Canoe Landing Park
|Canoe Landing Park|
The Red Canoe at Canoe Landing Park
|Location||Toronto, Ontario, Canada|
|Area||8 hectares (20 acres)|
|Operated by||City of Toronto|
Canoe Landing Park is an 8-hectare (20-acre) privately funded urban park in downtown Toronto, Ontario, Canada, adjacent to the Gardiner Expressway and the Rogers Centre that received its name on November 2009. The name was chosen as part of a city-run contest and the final name was announced on the t.o.night free evening commuter paper. Formerly, it was tentatively known as CityPlace Park.
The park's ribbon cutting ceremony was on September 9, 2009. The Park was designed by Landscape Architects Phillips Farevaag Smallenberg of Vancouver in collaboration with Landscape Architects, The Planning Partnership of Toronto, Public Art Consultant Karen Mills and Douglas Coupland. The park incorporates integrated artwork in the form of a landform (the bluff) and stand alone art pieces by Douglas Coupland: a canoe large enough for people to stand in and see over the Gardiner to Lake Ontario, a colourful display of large fishing bobbers, a sculptural beaver dam, programmed tree lighting (which will be more evident as the trees fill out), a pair of "iceberg benches" situated near the canoe, the "heart-shaped stone" bronze artwork which was cast from a stone retrieved by Terry's brother at the end of his journey and a one-mile run called the Terry Fox Miracle Mile.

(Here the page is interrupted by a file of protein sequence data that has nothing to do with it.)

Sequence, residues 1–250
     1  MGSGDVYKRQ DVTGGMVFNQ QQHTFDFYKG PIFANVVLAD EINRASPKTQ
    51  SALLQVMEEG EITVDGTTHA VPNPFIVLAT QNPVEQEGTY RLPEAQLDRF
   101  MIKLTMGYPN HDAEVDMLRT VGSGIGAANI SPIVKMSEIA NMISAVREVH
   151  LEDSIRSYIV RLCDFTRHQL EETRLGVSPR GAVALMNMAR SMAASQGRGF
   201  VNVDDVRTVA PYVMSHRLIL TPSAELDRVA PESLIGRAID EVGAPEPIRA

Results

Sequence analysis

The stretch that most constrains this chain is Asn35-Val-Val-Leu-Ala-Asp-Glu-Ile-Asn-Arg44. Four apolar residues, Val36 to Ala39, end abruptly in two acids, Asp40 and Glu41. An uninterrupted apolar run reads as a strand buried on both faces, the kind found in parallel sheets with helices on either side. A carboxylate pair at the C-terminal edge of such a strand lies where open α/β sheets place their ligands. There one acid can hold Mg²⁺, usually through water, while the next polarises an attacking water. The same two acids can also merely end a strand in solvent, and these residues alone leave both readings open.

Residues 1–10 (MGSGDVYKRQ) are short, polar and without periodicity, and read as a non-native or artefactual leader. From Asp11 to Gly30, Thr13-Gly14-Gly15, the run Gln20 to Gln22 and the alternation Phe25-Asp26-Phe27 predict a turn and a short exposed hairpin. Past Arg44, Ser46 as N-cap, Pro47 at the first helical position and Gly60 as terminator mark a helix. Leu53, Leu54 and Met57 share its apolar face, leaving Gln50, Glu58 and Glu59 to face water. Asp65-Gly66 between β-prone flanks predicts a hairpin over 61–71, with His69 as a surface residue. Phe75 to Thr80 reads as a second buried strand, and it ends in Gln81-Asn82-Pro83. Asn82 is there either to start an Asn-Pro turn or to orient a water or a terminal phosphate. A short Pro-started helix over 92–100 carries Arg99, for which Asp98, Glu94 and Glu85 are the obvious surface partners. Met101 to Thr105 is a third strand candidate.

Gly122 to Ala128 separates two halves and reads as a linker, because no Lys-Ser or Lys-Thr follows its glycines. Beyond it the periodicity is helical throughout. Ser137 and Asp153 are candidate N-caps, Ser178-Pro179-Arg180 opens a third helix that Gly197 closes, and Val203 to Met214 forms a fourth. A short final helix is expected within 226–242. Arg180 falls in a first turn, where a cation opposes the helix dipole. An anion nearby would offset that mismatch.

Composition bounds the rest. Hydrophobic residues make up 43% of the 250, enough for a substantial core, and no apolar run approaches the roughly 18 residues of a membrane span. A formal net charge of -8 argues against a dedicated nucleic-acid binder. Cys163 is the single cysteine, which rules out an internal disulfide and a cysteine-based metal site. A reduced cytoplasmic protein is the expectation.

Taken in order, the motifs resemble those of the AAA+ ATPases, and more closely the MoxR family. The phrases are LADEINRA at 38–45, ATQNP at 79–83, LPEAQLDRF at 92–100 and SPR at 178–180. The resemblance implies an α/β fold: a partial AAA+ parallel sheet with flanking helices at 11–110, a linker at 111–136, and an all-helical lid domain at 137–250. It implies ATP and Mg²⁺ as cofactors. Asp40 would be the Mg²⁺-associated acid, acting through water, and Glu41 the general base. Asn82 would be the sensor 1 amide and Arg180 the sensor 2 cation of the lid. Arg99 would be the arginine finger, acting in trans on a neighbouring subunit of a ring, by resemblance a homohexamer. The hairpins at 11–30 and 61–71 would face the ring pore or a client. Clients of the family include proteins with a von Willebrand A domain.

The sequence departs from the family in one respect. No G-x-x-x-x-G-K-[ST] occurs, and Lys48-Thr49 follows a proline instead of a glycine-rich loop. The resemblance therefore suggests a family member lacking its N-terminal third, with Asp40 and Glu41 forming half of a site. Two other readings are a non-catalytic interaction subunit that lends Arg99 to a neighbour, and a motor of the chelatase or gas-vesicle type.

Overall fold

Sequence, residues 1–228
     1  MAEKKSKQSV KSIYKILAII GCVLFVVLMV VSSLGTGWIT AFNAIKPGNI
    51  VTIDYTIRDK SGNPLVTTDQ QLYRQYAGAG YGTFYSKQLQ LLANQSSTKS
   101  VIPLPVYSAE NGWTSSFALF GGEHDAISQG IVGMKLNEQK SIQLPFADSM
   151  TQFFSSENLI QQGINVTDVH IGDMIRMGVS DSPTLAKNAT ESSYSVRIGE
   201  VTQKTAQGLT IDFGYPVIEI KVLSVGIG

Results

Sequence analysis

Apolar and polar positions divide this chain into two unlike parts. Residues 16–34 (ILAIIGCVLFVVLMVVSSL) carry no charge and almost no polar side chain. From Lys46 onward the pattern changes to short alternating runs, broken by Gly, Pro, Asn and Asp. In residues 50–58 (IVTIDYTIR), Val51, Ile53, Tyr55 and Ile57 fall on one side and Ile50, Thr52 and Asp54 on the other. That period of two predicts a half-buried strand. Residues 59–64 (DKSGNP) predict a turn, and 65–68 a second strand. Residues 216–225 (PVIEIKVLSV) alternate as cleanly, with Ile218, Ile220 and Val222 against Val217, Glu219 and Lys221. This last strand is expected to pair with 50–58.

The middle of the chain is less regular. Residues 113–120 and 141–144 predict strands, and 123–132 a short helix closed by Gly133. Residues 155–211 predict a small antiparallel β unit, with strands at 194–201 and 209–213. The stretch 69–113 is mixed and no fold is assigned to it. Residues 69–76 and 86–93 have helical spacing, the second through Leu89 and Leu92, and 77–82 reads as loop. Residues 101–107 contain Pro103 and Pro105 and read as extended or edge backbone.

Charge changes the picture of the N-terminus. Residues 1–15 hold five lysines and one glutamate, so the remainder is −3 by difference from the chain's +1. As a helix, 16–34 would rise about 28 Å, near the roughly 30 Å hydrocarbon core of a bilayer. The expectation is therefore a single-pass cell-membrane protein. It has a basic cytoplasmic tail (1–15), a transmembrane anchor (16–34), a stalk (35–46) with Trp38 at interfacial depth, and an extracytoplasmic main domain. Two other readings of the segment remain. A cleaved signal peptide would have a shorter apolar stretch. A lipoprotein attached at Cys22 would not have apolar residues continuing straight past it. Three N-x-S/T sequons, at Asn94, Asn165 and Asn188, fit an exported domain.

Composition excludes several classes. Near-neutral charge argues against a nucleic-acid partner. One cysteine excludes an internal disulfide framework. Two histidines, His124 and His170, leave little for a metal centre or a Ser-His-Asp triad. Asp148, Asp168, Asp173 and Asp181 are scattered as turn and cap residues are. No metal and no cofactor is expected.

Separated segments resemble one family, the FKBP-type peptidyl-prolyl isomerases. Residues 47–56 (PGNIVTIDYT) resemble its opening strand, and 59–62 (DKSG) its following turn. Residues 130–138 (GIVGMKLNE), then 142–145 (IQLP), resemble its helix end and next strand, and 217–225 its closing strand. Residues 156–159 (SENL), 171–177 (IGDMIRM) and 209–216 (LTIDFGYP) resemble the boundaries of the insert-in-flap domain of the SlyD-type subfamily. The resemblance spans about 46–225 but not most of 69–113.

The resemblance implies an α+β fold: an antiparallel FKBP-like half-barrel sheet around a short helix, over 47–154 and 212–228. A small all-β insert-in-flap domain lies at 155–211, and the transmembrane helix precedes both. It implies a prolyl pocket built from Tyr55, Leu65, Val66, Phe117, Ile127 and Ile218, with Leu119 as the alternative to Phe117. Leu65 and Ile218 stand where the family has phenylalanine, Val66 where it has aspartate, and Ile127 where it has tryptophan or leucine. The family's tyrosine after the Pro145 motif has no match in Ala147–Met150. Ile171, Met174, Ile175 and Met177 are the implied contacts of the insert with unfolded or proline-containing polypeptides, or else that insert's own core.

The developers of Concord CityPlace are Concord Adex Developments. On the advice of their consultant, Karen Mills, Concord approached Douglas Coupland, the Vancouver author, artist and sculptor. Among other recent projects in Toronto are Super Nova, a sculptural work/clock tower in North York (at the Don Mills Centre) and "Monument to the War of 1812," situated on Fleet and Bathurst street corner (just south of Old Fort York).
The canoe promontory was created as part of a proposed "earthwork" identified in the public art masterplan for Concord CityPlace (Public Art Management, Karen Mills, 1999) and was made from on site excavated fill and geosythetic reinforcements. The hill has an elevation that allows viewers to see over the Gardiner Expressway to Lake Ontario. Some 20,000-25,000 dumptruck loads of fill were diverted from landfills.
- After months of hurdles, Canoe Landing Park opens, retrieved 2011-12-05
- 2011 Toronto Urban Design Awards Submissions: Large Places or Neighbourhood Designs, retrieved 2011-12-05
- "Hill with no name a 'big deal'". Retrieved 2009-10-02.[dead link]
National Post article by Peter Kuitenbrouwer 
Toronto Star video by Bernard Weil 
Toronto Star article by Christopher Hume 
Toronto Star article by Vanessa Lu 
Globe & Mail article by Kate-Marie Gardner